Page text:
In her last posts, Miriam Libicki blogged on taking Egged buses across Israel and on her process of drawing comic books. She has been blogging here all week for Jewish Book Council and MyJewishLearning’s Author Blog series.
I love exhibiting at comic book conventions. Without a big publisher — and, maybe more importantly, as a memoirist — the best way to introduce readers to my comics is to introduce myself to them, one at a time.
From my first comics, ripped out of my army diaries & turned in as assignments in art school, a year & a half after my discharge, my subject matter was controversial. My very first writing professor was dissatisfied with my examination of the social politics of burning the classified papers of a military infirmary, & implored me to address the politics of Israel’s existence instead. His critique, “It might be worth you considering who you feel is your intended audience — would it be your peers at Emily Carr, a community that is more familiar with the military situation in Israel, or some other group (or combination)?” led to the creation of the Jobnik manifesto.
(detail from the first page of the Jobnik Manifesto. To view the complete comic, go here.)
The manifesto was exactly what I didn’t want to write when I began putting my very personal, very small stories to pictures. I thought I could reveal Israeli life & humanize Israeli soldiers without being the spokeswoman for Israeli policy & the latest news story out of the Middle East. But if I was being forced into that role, I might as well own it. The four-page manifesto is now the flier I give away at cons, and a cornerstone of my booth setup.
This is my booth setup:
I wear my Jewiness & Israelitude not only on my sleeve, but across my chest and on a giant banner behind me. I have definitely become a magnet for everyone’s feelings about Israel & Judaism. Some people have really… interesting feelings. What follows are the parts of my table that get the most comment, & some adventures I’ve had trying to stay on everyone’s good side while being true to myself & not delivering a free two-hour lecture on the state of modern Zionism.
1. “Desire Peace and Chase After It.”
This shirt design is a mashup of my mother’s favourite Psalm (it’s 34:14) with an infamous road sign on I-5 near the Mexico-California border. Many people take the t-shirt as an opportunity to practice their rusty afterschool Hebrew. But even a completely nonspecific message of peace attracts political reaction-mongers.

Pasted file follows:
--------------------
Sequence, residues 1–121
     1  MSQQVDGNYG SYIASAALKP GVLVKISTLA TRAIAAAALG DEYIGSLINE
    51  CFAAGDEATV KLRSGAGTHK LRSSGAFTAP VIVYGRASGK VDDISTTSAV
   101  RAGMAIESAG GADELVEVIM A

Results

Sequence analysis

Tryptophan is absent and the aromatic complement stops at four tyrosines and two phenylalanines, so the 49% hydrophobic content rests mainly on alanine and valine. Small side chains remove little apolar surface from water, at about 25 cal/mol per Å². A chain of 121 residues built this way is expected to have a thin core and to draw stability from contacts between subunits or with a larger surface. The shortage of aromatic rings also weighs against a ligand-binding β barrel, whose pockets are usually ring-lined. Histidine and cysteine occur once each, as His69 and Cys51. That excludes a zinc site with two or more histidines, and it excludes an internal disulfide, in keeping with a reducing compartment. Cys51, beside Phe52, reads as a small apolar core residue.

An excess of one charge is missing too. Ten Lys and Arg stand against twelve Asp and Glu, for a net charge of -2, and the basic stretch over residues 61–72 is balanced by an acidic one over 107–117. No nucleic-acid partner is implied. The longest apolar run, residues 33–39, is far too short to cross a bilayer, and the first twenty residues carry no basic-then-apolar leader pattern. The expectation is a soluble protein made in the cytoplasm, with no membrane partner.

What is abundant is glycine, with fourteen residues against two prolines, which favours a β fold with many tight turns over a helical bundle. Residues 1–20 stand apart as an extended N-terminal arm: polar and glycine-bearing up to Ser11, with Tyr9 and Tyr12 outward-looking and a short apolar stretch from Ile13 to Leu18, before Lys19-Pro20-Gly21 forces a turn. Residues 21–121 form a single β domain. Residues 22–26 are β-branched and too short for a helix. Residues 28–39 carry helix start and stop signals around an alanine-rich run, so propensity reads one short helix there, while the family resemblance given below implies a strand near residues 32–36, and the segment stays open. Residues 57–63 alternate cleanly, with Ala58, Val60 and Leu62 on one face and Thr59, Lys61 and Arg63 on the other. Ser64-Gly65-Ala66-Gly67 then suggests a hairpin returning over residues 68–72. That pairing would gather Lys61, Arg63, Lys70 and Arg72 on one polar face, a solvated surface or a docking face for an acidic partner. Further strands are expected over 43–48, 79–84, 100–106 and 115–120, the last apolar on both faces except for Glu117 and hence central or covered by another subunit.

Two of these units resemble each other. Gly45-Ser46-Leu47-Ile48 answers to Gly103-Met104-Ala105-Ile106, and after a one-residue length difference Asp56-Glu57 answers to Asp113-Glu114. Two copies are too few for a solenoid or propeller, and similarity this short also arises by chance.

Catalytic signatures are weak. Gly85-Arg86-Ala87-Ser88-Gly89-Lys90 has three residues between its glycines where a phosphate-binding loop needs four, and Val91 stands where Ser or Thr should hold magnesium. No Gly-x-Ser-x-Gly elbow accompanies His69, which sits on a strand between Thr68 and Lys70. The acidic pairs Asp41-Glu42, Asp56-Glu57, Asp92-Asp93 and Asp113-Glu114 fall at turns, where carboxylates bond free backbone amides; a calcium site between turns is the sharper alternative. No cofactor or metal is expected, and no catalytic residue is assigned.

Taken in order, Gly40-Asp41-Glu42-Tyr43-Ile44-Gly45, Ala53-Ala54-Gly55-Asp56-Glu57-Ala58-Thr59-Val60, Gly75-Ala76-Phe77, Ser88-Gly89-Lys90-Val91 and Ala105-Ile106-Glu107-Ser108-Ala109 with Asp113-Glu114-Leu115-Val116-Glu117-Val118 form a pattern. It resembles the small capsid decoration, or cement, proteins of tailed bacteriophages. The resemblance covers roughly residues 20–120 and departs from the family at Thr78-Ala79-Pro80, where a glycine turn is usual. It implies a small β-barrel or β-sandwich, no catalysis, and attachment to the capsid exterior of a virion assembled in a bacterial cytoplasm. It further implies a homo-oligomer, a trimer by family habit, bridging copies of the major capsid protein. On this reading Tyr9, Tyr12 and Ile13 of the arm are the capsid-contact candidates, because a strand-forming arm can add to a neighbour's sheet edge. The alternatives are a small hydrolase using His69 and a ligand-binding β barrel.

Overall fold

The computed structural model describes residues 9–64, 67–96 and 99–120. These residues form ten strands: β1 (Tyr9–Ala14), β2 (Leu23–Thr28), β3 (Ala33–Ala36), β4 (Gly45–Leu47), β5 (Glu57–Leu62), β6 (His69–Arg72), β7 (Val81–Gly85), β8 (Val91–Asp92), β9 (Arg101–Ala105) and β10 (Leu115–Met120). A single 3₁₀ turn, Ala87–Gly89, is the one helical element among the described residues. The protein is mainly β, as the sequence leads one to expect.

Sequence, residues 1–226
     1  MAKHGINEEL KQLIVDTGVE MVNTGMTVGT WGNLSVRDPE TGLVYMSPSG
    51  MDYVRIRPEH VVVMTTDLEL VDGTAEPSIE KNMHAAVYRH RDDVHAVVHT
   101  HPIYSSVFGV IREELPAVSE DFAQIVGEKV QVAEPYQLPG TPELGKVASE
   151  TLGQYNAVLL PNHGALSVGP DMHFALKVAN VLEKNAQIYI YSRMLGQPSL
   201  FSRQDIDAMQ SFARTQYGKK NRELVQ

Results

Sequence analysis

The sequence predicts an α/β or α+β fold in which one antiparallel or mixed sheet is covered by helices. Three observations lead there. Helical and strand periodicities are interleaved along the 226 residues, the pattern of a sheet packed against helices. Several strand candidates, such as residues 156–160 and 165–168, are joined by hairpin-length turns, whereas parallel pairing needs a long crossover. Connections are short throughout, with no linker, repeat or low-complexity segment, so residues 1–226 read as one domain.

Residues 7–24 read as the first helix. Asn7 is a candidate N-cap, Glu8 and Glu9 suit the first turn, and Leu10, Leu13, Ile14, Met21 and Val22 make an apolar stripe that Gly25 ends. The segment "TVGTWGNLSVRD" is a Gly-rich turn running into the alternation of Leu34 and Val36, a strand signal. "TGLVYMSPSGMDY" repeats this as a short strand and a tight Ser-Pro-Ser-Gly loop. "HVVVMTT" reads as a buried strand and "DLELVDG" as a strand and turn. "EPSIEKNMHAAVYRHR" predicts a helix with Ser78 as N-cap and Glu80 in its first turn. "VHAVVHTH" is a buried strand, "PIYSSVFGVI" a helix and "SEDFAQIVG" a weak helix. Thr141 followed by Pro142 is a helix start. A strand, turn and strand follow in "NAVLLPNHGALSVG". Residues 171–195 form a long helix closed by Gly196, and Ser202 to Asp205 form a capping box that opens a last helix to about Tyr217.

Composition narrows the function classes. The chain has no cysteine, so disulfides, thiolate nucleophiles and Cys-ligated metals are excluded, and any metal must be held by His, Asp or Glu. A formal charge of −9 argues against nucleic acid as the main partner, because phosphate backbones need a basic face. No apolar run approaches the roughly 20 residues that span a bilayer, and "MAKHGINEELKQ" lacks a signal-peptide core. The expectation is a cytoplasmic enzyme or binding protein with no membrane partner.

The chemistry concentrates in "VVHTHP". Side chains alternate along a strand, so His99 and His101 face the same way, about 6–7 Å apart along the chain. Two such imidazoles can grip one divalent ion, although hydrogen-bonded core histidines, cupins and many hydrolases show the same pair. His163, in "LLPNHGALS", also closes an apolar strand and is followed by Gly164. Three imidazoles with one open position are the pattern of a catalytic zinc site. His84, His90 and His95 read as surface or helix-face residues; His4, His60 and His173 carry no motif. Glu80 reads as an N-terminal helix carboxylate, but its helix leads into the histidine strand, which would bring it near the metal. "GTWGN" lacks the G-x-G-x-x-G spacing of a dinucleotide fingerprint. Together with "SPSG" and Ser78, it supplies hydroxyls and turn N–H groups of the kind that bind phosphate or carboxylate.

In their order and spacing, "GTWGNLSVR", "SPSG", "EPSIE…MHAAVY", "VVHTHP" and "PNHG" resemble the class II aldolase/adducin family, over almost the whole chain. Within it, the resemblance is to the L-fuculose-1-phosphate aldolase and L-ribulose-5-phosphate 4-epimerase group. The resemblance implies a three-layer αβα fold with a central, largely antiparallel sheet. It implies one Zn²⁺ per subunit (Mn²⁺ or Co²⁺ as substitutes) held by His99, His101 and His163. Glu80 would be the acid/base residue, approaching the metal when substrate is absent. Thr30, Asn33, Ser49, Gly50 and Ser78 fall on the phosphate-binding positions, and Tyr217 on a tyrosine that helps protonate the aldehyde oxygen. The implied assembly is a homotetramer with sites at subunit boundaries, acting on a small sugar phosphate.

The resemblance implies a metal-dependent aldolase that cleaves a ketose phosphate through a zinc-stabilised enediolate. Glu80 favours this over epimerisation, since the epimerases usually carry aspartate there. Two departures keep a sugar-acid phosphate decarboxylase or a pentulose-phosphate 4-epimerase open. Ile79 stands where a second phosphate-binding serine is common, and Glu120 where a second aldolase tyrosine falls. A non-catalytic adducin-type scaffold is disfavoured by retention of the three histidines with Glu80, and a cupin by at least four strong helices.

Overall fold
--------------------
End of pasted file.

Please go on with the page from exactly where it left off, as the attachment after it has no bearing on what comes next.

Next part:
An earnest young guy, who looked like he might be hiding a velvet kippah under his baseball cap, knew what it meant & the source, but asked, “What does that mean to you? What do you think it means, exactly, to chase peace?”
I was pretty sure he was fishing for my political stance, I imagined so he could classify me as Good for the Jews or Bad for the Jews. “It means — it means it’s not enough to sit around waiting for peace. You have to struggle for it.”
He gave up. I don’t think he ended up buying anything, but I felt I told the truth while avoiding pigeonholes.
“Oh,” said one middle-aged guy after I translated. “I saw it was Hebrew, so I assumed it must be Palestinians running from bombs dropped by my fellow Jews.”
I could not immediately imagine a response. He smiled triumphantly and walked away.
2. Towards a Hot Jew: the Israeli Soldier as Fetish Object
This essay was my senior project in art school. I didn’t originally intend to bind & distribute it as a comic, but it has become, as I say in my convention pitch, “my most popular and most controversial piece.” (I also say, “Makes a great gift for the hot Jew in your life!”)
Some people are horrified at such symbols of violence being sexualized at all (obviously, this is not at superhero-oriented comic cons). Many, many people want to tell me about Israeli soldiers they have lusted after. Most people, before reading it, have no idea if it’s a pro-Israel or anti-Israel screed, but are sure it’s one or the other. (Some people still feel that way after reading it.)
Another yeshivish-looking kid said to me with a big smile, “Thanks, but this book isn’t for me. I’m a Zionist.”
That time, I was quick enough to say, “Me, too.” We actually had a decent talk after that.
When “Hot Jew” was first published digitally, I got called an anti-Semite on the internet for the first time. One patriotic American Jew sent me a scolding email, saying, “I’m 17 years older than you, and I remember the pride Jews felt in the period after the Six Day War,” and that my essay was “parroted from what I imagine is the Northwest lefty-academic milieu that you live among.” That person went silent after I wrote back that I had not only lived in Israel, but served in the IDF.
I have yet to be called a Jew-hater by anyone who has completed IDF service.